On the Air

No Pain, No Gain


David Barnard was one of those runners who fell out of
love with the sport after a few years on the tar, but then the CEO of
SANGONeT (Southern African NGO Network) discovered
multi-stage desert races, and rediscovered his love of running.
“In the early 2000’s, I ran road races,
did Comrades, and it was all the same,” he says. “I had lost running for four
years, but at the end of 2009 I heard of the Kalahari Augrabies Extreme
Marathon and started up again.” He decided to run it in 2010 under the SANGONeT
‘No Pain No Gain’ campaign banner, to raise funds and awareness for NGOs, but
first he had to not only get running fit again, but also get used to running with
a heavy backpack filled with clothing, food and water, and in sand and high
temperatures. “You learn from your first time and you learn the tricks of the
trade,” he says.


Since that first desert
run, David has gone on to run several deserts around the world, and says his
running has brought him a sense of personal achievement. “Desert races bring a
new outlook to running. Some people think I’m crazy taking on these five to
six-day multistage races, but it’s great because there are no egos at events
like these. It’s about the experience, and people often do it for a cause.” All
the funds David raises through his running go towards helping SANGONeT provide
other NGOs in the country with services, advice and technologies. “It’s a hard
sector to get into – awareness is important and throughout my desert races we
profile a NGO daily to get the word out.”



In 2011, David went to run
in Egypt, and despite being better prepared, he fought both dehydration and
fatigue “I came back better trained for Sahara, but it took its toll on me. The
heat was really difficult and it drove me crazy. All you want is water. You
can’t sit down because it’s hot. You can’t stand still because of the heat
radiating above.”


Every 8km, heaven-sent
water points would hand out one-litre water bottles, and roving Land Rovers moved
amongst the runners to fill up water bottles as well, but David says there was no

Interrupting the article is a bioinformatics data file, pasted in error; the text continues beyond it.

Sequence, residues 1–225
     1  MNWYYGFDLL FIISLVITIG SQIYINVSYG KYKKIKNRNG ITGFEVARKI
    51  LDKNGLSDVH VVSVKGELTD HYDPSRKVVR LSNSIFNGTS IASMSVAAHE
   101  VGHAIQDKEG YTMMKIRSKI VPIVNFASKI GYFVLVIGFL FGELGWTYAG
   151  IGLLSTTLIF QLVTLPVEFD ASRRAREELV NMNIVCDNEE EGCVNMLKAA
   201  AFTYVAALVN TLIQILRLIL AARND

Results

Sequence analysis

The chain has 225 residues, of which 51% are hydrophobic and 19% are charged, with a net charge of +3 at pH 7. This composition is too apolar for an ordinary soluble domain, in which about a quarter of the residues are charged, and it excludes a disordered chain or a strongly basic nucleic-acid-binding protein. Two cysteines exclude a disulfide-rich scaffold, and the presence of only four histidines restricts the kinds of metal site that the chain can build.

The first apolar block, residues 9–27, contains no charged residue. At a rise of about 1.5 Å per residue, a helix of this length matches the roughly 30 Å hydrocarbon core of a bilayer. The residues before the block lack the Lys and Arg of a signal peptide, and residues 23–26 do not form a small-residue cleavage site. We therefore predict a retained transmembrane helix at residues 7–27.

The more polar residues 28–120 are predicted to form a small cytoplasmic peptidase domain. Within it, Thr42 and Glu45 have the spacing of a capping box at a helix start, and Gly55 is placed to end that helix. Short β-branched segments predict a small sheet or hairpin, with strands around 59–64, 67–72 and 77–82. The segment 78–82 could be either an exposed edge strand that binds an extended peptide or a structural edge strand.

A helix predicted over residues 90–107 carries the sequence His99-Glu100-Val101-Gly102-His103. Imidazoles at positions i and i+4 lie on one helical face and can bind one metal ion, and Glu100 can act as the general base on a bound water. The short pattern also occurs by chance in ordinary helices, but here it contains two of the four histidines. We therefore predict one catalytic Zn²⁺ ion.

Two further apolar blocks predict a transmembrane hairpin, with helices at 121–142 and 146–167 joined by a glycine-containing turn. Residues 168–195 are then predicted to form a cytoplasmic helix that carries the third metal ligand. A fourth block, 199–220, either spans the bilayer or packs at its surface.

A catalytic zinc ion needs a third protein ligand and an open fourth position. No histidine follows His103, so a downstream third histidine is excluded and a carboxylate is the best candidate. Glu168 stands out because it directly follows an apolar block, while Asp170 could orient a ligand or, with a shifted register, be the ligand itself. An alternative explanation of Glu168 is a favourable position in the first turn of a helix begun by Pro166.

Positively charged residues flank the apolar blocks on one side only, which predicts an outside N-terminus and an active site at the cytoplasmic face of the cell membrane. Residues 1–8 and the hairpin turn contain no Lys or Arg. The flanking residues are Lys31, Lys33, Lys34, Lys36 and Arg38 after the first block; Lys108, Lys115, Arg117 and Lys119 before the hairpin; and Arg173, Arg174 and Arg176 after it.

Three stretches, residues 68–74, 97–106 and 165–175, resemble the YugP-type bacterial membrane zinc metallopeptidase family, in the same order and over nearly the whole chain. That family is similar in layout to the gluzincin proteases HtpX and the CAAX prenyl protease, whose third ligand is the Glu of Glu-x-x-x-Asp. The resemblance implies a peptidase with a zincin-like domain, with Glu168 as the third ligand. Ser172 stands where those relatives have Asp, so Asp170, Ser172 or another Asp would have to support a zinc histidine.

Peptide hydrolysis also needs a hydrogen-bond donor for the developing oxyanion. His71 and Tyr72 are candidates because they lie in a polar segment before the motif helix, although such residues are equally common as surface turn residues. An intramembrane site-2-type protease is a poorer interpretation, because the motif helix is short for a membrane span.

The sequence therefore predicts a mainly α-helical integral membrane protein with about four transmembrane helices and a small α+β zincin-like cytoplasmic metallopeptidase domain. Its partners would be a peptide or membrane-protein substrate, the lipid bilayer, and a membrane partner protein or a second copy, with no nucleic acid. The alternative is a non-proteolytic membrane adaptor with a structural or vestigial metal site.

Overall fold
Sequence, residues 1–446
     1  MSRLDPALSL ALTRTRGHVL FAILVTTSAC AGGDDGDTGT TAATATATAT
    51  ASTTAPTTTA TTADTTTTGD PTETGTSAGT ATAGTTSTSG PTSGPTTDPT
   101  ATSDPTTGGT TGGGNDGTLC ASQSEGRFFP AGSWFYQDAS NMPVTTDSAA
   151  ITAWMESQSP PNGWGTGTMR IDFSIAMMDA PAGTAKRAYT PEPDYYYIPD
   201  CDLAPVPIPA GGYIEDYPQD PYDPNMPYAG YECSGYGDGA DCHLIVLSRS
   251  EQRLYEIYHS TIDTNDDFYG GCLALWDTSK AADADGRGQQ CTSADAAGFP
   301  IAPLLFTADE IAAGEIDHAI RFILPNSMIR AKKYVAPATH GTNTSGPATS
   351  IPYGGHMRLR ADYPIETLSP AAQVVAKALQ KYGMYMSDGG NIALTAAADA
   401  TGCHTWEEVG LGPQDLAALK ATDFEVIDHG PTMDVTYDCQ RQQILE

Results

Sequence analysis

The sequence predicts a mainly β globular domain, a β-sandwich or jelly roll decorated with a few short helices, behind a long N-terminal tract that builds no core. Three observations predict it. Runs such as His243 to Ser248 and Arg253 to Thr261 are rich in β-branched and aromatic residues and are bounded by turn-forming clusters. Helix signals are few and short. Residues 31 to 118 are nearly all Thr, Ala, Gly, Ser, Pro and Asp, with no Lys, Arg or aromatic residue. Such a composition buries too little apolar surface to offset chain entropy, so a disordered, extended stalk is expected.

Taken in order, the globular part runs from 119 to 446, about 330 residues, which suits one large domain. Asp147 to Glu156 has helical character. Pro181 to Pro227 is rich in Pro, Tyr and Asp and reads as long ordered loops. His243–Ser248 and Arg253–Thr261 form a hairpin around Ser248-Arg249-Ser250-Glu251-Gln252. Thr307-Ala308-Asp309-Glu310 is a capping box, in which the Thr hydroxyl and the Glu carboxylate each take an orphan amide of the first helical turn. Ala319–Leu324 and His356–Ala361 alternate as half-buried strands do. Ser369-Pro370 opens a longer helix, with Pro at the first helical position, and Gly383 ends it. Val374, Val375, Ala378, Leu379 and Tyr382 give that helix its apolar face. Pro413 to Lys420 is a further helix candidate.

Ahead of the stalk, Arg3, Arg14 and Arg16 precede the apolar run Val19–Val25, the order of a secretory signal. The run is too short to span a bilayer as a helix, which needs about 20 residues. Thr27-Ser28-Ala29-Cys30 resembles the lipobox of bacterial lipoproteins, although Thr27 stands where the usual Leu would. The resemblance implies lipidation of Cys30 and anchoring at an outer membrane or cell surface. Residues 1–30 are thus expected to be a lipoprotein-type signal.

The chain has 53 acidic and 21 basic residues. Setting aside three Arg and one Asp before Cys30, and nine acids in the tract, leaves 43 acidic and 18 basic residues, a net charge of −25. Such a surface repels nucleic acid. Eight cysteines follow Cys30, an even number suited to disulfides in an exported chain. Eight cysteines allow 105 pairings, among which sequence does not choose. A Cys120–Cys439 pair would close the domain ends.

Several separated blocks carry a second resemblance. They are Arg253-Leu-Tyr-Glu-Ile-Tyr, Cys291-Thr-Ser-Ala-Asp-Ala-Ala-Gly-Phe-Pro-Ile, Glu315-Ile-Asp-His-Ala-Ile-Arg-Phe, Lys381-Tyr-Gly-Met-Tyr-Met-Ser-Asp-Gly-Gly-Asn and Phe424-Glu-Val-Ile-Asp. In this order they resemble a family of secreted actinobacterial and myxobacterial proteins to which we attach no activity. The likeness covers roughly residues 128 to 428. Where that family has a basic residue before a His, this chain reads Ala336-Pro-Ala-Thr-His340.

choice but to keep running. “The sooner you finish your stage, the more time
you have to recover. I learnt to manage that well. But you also have to hold
yourself back, because usually on the final day, the route can be Comrades



Having raised
R100 000 in each of his first two runs, David felt the campaign needed a
bigger and better challenge in 2012. “We had to expand the campaign – three
deserts on three continents, and reach R1 million in fundraising” he says. That
has seen him complete the Namib Desert Challenge in March and the Gobi March in
China in June, and now Antarctica in November is the last challenge for the
year. “It will be a challenge in the cold. When the Highveld had the recent bit
of snow, people asked me if I was running and I said ‘No, it’s too cold!’ Now
I’ll have to expect those conditions.”


David’s training
philosophy is simple: Run every day. “You have to get used to running at least
six days a week. I try and get up to 130km a week, work on core training in the
gym for the tough terrain and do weight-training for my quads so that when I
race with my 7kg backpack, I’ll be prepared.” However, David knows that all he
does during the events is vasbyt.
“You get blisters, and sometimes there is no shade, like in the Sahara, but I
know that I must just keep going. It’s my motivation! To think I link my day
job with running is a bonus.”

For more info on the
‘No Pain, No Gain’ campaign or to make a donation, go to
www.ngopulse.org/npng or www.facebook.com/Sangonet.NoPainNoGain.